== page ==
Parents and Teachers: What To Do When All Your Children Need You All at Once
I must confess that when my second child was born, I was nervous about this new world of having two children. It already felt somewhat overwhelming trying to provide an at-home Montessori environment for my one child. I also worried that I wouldn't be able to offer an adequate amount of validation or listening to either child if the other needed something at the same time. This stemmed from the fact that before having children, I often got questions from my parent-coaching clients about how to parent more than one child at a time. I would offer them suggestions to improve their relationship with their child or improve behavior issues in the home, and they would say, "But that just isn't possible when you have two or more children who all seem to need you at once."
So, how do you manage the varying needs of multiple children at once? Here are a few tips that can be effective for parents and teachers:
It's ok to ask one child to wait.
1. Be human, with human limitations. It is actually great for our children to see us have limitations, because it gives them an opportunity to practice delayed gratification. Catering to your child's every need is not loving; it teaches them entitlement. I'll never forget one mother's advice to me right before I had my first child. She said, "I regret that when my two boys were young, I didn't really show them that I was human and I had needs too. I was always willing to get up to pour a glass of milk, or get their sweatshirt from upstairs or drive them to three different play dates, when I really wanted to sometimes say 'No. I cannot do that for you right now'. Unfortunately, my actions taught my boys to treat me like my needs didn't matter and that their needs always came first.”
This advice has stuck with me, and has had two key benefits:
- I am more patient and my stress is decreased when I’m not running around to meet my child’s every request.
- My child is given an opportunity to practice delayed gratification, which studies have shown impacts a child’s academic success and relational happiness throughout life (https://www.apa.org/helpcenter/willpower-gratification.pdf).
When I had my second child and had to nurse the baby, while also being asked to come outside and watch my three-year-old ride bikes, I didn't just distract him. I explained that I needed a moment because it wouldn't be comfortable for me to try to nurse sister while sitting out in the cold. I could say, "I need a warm comfy spot (just like I gave you when you were a baby), to give Eva her milk. Then I'll be happy to come out with sister and watch you ride bikes." Likewise, if I sit down to finally have a cup of coffee after getting the children breakfast, and my youngest spills her milk, I don't jump up to take care of it. I have made sure washcloths are in a location she can reach and I only offer help I am able to give in that moment, while still honoring my need to take a second to finish and enjoy my coffee. This habit helps me maintain patience throughout the day, and helps my children develop the ability to delay gratification.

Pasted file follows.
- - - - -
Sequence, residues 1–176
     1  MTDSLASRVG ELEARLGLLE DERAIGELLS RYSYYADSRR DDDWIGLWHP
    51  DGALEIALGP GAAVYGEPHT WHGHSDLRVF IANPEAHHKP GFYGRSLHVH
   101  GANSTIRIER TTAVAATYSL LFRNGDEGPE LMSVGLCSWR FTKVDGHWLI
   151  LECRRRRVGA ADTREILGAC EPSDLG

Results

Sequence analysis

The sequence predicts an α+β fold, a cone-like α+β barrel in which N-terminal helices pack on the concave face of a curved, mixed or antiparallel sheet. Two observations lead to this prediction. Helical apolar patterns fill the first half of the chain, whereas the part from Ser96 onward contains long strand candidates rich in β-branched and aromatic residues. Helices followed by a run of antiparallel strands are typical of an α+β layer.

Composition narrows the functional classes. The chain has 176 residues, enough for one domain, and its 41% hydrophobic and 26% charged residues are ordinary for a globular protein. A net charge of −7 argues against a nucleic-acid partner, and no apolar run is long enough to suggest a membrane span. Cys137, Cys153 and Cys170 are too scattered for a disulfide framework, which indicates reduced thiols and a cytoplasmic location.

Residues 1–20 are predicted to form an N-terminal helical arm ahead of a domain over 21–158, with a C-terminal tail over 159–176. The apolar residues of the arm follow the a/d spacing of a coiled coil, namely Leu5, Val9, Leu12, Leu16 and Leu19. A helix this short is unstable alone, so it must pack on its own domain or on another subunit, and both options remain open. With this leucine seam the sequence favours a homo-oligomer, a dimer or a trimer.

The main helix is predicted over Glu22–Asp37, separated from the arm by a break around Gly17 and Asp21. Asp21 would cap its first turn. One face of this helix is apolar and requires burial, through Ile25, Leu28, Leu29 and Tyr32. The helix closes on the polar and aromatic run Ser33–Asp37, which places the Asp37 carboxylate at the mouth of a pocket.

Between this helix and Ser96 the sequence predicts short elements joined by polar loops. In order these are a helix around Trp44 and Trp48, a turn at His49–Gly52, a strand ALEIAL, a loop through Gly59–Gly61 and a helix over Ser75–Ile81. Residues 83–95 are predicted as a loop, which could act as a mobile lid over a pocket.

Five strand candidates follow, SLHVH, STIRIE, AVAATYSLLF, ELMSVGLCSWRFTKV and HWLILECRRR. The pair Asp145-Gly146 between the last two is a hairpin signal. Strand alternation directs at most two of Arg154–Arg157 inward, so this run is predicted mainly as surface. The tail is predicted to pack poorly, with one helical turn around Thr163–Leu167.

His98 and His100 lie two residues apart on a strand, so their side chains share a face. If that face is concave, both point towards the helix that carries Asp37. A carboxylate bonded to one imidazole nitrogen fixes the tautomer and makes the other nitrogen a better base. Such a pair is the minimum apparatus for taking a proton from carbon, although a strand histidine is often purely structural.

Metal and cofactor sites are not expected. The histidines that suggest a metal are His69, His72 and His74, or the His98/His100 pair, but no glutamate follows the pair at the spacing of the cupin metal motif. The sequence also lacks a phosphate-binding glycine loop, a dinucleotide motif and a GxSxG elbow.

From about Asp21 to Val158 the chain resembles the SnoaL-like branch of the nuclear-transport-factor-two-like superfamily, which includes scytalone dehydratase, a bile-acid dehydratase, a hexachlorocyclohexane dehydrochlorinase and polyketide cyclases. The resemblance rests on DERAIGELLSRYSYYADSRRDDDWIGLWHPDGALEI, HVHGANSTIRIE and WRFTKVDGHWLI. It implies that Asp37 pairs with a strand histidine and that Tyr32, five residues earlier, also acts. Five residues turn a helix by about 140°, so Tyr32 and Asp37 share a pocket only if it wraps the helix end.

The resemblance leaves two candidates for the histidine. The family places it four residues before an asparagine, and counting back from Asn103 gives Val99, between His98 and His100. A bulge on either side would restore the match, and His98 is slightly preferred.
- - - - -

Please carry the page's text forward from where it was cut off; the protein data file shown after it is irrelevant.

Sometimes I get carried away, and try to "do it all".
2. Involve the children in comforting or helping one another. You don't have to be the super hero bouncing from child to child, helping them with every problem all by yourself. When you do this, you rob the other children of the opportunity to grow empathy and social skills related to helping a friend or loved one. If one child is having a problem, and another child is trying to get your attention, involve that second child in the problem-solving.
For instance, if I'm comforting my 1 ½-year-old after a fall, yet my son says he needs help building with his blocks "right now!" I say, "I'll be happy to come over and build with you in about five minutes. Can you see that Eva is so sad right now? She hurt her foot when she slipped. She always seems to cheer up when she gets a hug from her amazing super brother. Maybe one of those would help right about now. What do you think?" My son (four) loves to be the hero for his sister, so this often gets both children into a happier space and then move onto the next interest together
3. Compliment your children evenly. When a baby comes into a family, it's very easy for that baby to get the majority of the compliments from family and friends. "Ooooooh, look at her cute smile. She is just so happy". Meanwhile, the older child(ren) might be looking down, feeling left out. In moments like this, I seek to respond to the compliment with, "I know. She is so happy because she has the most amazing older brother. She is so lucky to have such a kind and sharing and fun brother." I notice friends and family follow my lead, and then begin to give the older child some compliments too. This is a great way to buffer against baby jealousy.
If you would like to learn more about supporting the emotional needs of your children, check out our 4-week online Child Development Course perfect for Parents or Teachers. You will learn the true needs of the child, how to manage/avoid toddler temper tantrums, how to help your child find peace, harmony and purpose, and more!
Flora McCormick has been a Licensed Clinical Professional Counselor & Parenting Coach for 10 years, she helps parents of young children to calm the chaos, and revive connection and cooperation. Her strategies are sustainable for busy parents, using kindness & firmness at the SAME time. The result is an improved relationship with your child, where you can enjoy being a parent.